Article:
Drinks That Pack on the Pounds and Their Alternatives

By admin | January 24, 2012

Photo: Erik Jaeger

Photo: Erik Jaeger

By: Cyndi Amaya

We all know that alcohol can be your greatest downfall when it comes to staying on that diet. While we can survive a whole day by just eating salad and oatmeal, something just stops us from having that same good sense to say no to the two, ok maybe three, margaritas during Friday’s happy hour. What we should be doing is juicing instead of boozing, sometimes you do need something to help keep the edge off and it’s OK to indulge a little on a rest day.

While all alcohol is basically fermented sugar water and can ruin your weight-loss goals, there are some alcoholic beverages that are more dangerous than others for your waistline. So if you’re going to drink but still want to keep on your fitness goals, it’s important to know which booze in particular to avoid. Read More


Are Higher Alcohol Taxes The New Prohibition?

By admin | September 30, 2011

Photo: Jennifer Yin

Photo: Jennifer Yin

By: Melaina Gasbarrino

Gone are the days of prohibition and in are the days of raising alcohol taxes in the hopes of creating a more financially stable America. The thought of another prohibition like that of the 1920s one is certainly not something we want to go back to. To illustrate, Ken Burns and Lynn Novick’s developed “Prohibition” series on PBS where they tell of a tale long ago where alcohol was removed from America in hopes of improving the lives of Americans. The series premiers October 2nd, 3rd and 4th and will provide some insight into why 3 states (Georgia, Connecticut and Indiana) still hold onto prohibiting the sales of alcohol on Sundays. But, if you are keen on enjoying happy hour then beware, as you will see an increase in alcohol taxes throughout America. Don’t worry though; it’s all to benefit you and your community. Read More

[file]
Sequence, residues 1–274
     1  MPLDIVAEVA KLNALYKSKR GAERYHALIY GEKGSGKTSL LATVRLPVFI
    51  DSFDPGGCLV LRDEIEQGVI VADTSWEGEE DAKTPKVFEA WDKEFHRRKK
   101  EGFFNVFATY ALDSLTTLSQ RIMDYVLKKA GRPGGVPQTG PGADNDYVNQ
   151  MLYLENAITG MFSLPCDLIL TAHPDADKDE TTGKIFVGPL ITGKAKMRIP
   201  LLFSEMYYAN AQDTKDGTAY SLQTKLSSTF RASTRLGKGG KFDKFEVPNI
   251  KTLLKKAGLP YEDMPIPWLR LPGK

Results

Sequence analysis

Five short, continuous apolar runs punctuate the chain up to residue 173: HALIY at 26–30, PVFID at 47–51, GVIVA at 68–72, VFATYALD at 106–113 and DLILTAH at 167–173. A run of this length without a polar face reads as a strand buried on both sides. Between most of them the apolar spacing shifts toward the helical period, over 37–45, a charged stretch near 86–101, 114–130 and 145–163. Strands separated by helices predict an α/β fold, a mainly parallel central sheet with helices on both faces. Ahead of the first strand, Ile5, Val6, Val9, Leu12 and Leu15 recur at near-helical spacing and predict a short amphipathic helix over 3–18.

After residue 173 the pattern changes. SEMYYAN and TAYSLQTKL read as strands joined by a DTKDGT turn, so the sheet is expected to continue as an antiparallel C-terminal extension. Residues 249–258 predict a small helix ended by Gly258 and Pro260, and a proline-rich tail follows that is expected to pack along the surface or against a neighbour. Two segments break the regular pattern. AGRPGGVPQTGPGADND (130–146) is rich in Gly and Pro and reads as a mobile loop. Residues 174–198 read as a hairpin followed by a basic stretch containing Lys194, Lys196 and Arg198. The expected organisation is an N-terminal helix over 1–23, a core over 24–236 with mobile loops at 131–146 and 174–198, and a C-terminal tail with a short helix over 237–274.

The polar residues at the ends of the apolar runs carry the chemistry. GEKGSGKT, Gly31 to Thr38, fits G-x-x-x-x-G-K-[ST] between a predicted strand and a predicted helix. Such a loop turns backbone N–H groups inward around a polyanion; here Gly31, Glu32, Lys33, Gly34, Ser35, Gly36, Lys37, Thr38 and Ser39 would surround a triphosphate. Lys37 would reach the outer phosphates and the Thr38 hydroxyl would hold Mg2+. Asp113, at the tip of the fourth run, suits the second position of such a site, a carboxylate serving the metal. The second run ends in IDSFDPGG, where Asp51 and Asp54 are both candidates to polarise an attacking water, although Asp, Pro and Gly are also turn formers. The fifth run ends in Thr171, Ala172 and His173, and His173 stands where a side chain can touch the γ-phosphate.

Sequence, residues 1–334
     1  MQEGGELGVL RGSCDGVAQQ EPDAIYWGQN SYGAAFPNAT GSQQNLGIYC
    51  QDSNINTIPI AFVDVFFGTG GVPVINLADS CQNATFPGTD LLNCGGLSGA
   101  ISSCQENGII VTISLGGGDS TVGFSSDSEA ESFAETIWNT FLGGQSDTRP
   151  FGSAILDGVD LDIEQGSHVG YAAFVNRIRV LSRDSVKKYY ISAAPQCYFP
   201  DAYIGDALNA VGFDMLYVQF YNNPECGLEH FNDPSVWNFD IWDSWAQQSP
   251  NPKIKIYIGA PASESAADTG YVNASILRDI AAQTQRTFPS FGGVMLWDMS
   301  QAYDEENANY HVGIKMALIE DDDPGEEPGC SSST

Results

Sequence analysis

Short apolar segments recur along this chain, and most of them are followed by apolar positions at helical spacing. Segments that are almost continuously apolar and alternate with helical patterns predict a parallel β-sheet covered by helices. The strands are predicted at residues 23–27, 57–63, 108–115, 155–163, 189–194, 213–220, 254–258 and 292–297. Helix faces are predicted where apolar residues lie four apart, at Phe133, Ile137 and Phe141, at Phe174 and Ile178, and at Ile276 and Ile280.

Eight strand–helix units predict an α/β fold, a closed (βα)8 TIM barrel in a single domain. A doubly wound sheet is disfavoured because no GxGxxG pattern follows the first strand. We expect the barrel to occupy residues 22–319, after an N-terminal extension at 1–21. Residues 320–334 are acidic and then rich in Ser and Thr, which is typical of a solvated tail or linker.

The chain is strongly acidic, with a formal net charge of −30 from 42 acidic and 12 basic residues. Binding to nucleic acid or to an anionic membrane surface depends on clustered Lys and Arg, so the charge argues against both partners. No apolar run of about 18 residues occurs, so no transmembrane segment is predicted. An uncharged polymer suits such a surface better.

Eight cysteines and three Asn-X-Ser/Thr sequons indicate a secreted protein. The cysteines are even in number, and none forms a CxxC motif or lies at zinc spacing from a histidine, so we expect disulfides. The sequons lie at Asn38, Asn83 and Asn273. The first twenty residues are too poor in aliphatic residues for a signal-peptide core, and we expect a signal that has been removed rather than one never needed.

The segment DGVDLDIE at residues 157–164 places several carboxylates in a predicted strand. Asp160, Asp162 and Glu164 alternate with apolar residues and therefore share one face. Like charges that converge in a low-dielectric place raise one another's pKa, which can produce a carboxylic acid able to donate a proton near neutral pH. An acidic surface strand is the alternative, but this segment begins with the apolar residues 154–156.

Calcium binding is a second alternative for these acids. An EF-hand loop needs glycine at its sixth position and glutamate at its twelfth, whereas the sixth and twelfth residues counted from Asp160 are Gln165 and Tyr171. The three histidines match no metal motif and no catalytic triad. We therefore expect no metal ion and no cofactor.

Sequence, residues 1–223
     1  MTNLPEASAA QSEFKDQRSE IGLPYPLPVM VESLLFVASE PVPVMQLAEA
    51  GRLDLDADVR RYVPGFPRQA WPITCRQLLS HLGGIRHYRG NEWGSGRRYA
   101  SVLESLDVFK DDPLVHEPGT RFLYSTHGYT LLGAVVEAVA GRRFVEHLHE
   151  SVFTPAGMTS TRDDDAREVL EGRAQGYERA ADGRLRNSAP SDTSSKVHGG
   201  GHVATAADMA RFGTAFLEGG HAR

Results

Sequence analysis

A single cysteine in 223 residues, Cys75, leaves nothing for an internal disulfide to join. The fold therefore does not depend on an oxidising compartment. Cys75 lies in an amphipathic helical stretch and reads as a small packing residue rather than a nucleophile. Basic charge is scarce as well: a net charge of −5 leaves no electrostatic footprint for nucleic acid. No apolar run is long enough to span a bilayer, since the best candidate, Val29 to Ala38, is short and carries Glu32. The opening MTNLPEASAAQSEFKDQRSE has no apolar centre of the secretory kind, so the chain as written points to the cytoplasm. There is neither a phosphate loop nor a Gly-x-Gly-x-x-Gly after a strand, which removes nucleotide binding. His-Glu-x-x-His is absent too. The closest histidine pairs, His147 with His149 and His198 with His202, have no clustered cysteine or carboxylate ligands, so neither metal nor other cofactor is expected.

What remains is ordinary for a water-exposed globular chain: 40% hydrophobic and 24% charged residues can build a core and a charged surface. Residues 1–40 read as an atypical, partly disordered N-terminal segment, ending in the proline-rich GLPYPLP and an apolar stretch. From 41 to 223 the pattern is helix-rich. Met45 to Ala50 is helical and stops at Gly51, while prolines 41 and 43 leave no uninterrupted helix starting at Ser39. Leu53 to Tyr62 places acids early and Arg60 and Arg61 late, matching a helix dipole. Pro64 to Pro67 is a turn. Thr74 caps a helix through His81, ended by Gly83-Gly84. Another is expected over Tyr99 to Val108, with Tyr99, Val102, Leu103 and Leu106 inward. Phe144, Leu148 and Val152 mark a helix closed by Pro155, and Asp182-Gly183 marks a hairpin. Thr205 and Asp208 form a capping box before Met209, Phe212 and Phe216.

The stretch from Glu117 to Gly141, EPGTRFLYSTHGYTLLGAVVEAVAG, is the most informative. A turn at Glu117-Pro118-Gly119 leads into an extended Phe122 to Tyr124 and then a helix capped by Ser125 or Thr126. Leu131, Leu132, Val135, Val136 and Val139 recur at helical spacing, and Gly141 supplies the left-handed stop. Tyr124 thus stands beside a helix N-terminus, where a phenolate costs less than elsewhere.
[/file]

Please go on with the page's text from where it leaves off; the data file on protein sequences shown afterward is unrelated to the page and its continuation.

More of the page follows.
Take Time to Smell the Rose

By admin | August 19, 2011

Photo: Evil Yoda

Photo: Evil Yoda

By: Dylan Rodgers

When thinking wine, the big question always seems to be “Red or White?”  Before you just blurt out a response in reflex, assess the situation. What time of year is it? Are you eating or just drinking? If eating, what food are you in the mood for?

The answer to each of these questions gets you a little closer to the perfect wine for your situation, but there is a way to supersede all the inquiry: ask for a rose. Read More


How to Make Your Own Infused Alcohol

By admin | June 24, 2011

Photo: on flickr

Photo: on flickr

Summer is the perfect time to experiment with refreshing cocktails, and infusions can help add a delicious and seasonal twist to your favorite liquor. They can also make a great gift or contribution to a summer potluck picnic! Here’s how to make your own infused alcohol. Read More


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About The Team

Whether it’s finding the best goat tacos in LA, spotting a well-worn vintage bag in Sweden, or interviewing the “crab man” selling seafood on a corner in Harlem, we tell stories seen from Chef Marcus Samuelsson‘s point of view. strives to create conversations about food, nutrition, culture, art, and design. We want to find Read More


Streetbird Rotisserie
Marcus’ Bermuda
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Ginny’s Supper Club